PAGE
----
Set amidst the lush pine forests and rich savannahs of Florida's Northern Panhandle, this is the story of one woman whose existence until now seemed fairly normal: She is thirtysomething, married and goes about her daily routine as a writer. But we soon learn that ghosts, an indifferent husband, and a seemingly terminal case of writer's block are burdening Clarissa's life. She awakes on the summer solstice and, prodded by her own discontent and one ghost's righteous need for truth, commences upon a twenty-four-hour journey of self-discovery.

Her harrowing, funny, and startling adventures lead Clarissa to a momentous decision: She must find a way to do the unthinkable. Her life and the well-being of a remarkable family of blithe spirits hang in the balance.

In How Clarissa Burden Learned to Fly, Connie May Fowler once again demonstrates her keen abilities as a storyteller. A remarkably original and empowering novel about an unexpected midlife awakening, it will resonate and be discussed for years to come.

I admit that when I read about Clarisse Burden in her large, well cared for and beautifully proportioned house with a husband frolicking with nude models in the garden, I didn't sympathize with Clarisse. I kept wanting her to get angry and kick the deadbeat out of her house!

But as Clarisse's personal history, wit and personality unfolded, I slowly sympathized and could understand why she didn't call her husband on his ludicrous behavior. Albeit, I kept hoping that she would. Getting to know Clarisse - her kindness and generosity to the young reporter, her wry internal voice, and interest in her surroundings - helped draw me in.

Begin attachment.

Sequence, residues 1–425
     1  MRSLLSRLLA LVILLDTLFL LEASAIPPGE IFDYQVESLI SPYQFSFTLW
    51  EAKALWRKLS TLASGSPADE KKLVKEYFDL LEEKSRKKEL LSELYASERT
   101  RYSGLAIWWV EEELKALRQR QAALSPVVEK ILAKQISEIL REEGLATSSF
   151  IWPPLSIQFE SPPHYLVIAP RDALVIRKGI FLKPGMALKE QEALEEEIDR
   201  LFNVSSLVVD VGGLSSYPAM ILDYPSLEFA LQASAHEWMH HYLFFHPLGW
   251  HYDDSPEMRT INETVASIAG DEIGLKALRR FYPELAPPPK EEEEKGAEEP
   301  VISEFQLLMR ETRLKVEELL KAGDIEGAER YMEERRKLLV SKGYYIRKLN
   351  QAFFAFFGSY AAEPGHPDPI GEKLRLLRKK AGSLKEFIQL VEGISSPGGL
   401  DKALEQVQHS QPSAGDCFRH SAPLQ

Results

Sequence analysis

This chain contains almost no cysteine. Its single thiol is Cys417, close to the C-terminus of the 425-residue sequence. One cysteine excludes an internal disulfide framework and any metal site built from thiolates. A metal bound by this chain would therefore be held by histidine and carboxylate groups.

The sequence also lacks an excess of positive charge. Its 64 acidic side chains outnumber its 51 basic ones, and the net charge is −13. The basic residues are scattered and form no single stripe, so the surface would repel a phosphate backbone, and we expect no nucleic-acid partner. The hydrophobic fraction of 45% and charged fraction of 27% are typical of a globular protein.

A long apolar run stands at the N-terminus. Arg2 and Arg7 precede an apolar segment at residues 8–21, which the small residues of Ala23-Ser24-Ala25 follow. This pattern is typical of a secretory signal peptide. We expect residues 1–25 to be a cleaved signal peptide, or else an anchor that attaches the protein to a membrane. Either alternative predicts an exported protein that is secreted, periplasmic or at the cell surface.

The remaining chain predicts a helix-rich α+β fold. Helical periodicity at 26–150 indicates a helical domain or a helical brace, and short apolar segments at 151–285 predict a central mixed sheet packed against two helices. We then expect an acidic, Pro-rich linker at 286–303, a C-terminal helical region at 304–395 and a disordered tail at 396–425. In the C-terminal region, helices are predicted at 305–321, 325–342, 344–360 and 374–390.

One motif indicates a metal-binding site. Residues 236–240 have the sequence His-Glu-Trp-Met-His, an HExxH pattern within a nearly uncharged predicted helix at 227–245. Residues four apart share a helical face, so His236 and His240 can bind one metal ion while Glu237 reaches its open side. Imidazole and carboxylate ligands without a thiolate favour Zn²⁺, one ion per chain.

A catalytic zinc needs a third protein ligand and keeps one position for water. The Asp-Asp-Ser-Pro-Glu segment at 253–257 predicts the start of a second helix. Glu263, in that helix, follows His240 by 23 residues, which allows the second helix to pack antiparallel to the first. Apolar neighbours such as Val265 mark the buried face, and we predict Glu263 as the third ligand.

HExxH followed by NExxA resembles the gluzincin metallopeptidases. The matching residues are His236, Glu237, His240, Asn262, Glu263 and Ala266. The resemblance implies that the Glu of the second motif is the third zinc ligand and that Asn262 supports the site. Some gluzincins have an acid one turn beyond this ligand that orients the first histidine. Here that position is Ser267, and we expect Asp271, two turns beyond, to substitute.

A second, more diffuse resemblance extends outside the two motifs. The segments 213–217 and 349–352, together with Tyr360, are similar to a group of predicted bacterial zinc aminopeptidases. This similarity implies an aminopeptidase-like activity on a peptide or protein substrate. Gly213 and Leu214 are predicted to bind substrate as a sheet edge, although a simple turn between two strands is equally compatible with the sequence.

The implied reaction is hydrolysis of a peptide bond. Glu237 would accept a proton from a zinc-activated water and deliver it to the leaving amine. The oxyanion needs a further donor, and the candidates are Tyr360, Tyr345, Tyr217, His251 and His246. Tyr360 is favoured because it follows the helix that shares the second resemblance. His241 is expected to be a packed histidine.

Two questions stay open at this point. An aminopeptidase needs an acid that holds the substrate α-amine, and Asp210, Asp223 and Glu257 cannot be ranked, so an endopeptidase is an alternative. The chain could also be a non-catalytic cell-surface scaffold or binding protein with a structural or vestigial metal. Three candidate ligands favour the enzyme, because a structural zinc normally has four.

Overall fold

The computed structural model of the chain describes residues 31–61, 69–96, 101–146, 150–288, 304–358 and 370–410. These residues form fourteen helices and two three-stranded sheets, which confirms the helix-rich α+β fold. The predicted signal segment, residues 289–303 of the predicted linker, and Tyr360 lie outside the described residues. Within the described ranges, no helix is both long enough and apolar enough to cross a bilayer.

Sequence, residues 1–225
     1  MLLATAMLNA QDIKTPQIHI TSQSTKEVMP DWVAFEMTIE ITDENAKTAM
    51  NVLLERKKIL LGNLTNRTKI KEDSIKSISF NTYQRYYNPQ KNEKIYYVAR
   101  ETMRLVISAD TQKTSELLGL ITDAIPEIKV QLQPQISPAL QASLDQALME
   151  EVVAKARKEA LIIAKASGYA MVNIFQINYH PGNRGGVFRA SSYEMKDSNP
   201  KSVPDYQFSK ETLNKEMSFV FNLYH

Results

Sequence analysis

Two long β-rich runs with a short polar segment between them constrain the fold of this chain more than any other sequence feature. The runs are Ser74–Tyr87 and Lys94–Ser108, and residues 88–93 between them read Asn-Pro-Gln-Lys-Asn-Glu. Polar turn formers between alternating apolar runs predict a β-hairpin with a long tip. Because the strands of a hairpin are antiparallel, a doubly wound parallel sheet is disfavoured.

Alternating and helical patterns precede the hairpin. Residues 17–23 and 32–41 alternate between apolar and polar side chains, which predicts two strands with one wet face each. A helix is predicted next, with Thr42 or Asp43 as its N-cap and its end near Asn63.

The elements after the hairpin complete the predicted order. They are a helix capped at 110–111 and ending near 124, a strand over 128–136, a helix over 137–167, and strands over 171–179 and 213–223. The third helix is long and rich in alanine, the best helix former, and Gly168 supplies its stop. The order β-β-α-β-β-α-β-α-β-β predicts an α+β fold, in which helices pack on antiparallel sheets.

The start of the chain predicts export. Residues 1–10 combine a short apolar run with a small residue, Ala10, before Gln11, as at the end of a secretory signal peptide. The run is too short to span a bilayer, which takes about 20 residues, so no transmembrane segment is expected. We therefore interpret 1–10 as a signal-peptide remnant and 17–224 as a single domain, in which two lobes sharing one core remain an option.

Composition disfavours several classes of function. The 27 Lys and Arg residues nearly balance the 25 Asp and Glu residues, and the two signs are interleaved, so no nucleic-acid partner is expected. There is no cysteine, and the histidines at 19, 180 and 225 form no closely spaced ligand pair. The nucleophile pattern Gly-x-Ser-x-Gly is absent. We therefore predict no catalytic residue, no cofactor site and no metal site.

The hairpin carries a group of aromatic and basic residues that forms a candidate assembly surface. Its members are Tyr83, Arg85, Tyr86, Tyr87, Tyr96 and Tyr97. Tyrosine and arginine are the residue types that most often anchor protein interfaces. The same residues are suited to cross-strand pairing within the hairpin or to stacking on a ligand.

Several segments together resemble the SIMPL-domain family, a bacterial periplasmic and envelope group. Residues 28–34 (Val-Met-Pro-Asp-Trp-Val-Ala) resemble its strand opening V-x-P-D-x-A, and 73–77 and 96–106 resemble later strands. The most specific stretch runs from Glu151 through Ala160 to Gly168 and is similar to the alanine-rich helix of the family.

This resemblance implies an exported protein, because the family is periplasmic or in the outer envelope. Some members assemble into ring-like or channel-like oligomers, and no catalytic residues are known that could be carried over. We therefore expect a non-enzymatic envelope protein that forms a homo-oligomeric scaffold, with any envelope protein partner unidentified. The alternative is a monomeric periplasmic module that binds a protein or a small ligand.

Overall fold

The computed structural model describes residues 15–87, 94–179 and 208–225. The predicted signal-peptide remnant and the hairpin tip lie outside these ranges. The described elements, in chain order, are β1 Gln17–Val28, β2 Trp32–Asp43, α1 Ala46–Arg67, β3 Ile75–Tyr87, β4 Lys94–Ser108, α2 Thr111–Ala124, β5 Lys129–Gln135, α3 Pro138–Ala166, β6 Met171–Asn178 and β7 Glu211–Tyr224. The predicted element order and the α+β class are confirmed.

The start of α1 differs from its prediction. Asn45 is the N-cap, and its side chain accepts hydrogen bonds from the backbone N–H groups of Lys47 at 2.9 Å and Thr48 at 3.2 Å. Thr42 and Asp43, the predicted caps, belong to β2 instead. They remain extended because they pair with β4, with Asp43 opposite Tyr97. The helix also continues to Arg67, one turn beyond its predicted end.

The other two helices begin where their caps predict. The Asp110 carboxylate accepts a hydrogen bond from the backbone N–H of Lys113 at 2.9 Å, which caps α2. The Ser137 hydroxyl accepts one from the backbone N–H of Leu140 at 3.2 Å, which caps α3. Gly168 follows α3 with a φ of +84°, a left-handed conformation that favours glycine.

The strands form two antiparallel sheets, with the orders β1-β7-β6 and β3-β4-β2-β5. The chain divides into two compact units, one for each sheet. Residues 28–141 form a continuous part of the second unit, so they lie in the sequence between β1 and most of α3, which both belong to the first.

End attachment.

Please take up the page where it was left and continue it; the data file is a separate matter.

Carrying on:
Once I got into it, I thoroughly enjoyed How Clarissa Burden Learned to Fly. Clarissa's voice is smart, observant, and a little sad. As she focuses on other people and their stories, she becomes engaged and you see how Clarissa was able to write stories that touched people's lives. If you're looking for an unusual absorbing read, I highly recommend How Clarissa Burden Learned to Fly.

ISBN-10: 0446540684 - Hardcover $23.99
Publisher: Grand Central Publishing; 1 edition (April 2, 2010), 288 pages.
Review copy provided by the publisher.

About the Author:
Connie May Fowler is an essayist, screenwriter, and novelist. She is the author of five novels, most recently, The Problem with Murmur Lee, and a memoir, When Katie Wakes. Her 1996 novel, Before Women Had Wings, became a bestseller in paperback and was adapted into a successful Oprah Winfrey Presents movie. She also founded the Connie May Fowler with Wings Foundation, a nonprofit organization dedicated to aiding women and children in need.

Participating Sites:

April 12

April 13

April 14

April 15

April 16

Thank you again, Connie for taking the time to chat with us and the chance to review your book! Thanks so much to Miriam, Henry, Brianne, and Hatchette Books Group for this review opportunity!


  1. I came over from Cym Lowell's Book Review Party Wednesdays (BRPW).

    I take it that this is an urban fantasy? Cool!

    "Character immersion" is totally believable method to me. It is logical. And I think would make a very believable character(s) which readers can connect with. Not that I know anything about writing :)


  2. Thank you, Gaby, for all of your support--for me and all the writers and their books you feature. You rock! And BTW, if book clubs are reading How Clarissa Burden Learned to Fly, we can have a virtual meeting via Skype. Again, many thanks and happy reading! Connie,